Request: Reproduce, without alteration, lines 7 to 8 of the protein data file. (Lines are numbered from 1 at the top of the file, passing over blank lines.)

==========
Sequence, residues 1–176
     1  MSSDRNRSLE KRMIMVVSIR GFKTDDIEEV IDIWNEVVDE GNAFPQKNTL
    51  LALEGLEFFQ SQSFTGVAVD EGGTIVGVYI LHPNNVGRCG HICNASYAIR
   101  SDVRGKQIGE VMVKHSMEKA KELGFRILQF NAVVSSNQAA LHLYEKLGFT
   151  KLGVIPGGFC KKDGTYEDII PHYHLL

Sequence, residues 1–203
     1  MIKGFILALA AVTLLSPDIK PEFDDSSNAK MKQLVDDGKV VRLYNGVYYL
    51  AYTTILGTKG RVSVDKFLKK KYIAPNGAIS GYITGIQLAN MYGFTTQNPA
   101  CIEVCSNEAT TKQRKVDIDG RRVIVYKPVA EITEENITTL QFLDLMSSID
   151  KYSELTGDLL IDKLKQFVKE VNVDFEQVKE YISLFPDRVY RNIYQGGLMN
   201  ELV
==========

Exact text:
     1  MIKGFILALA AVTLLSPDIK PEFDDSSNAK MKQLVDDGKV VRLYNGVYYL
    51  AYTTILGTKG RVSVDKFLKK KYIAPNGAIS GYITGIQLAN MYGFTTQNPA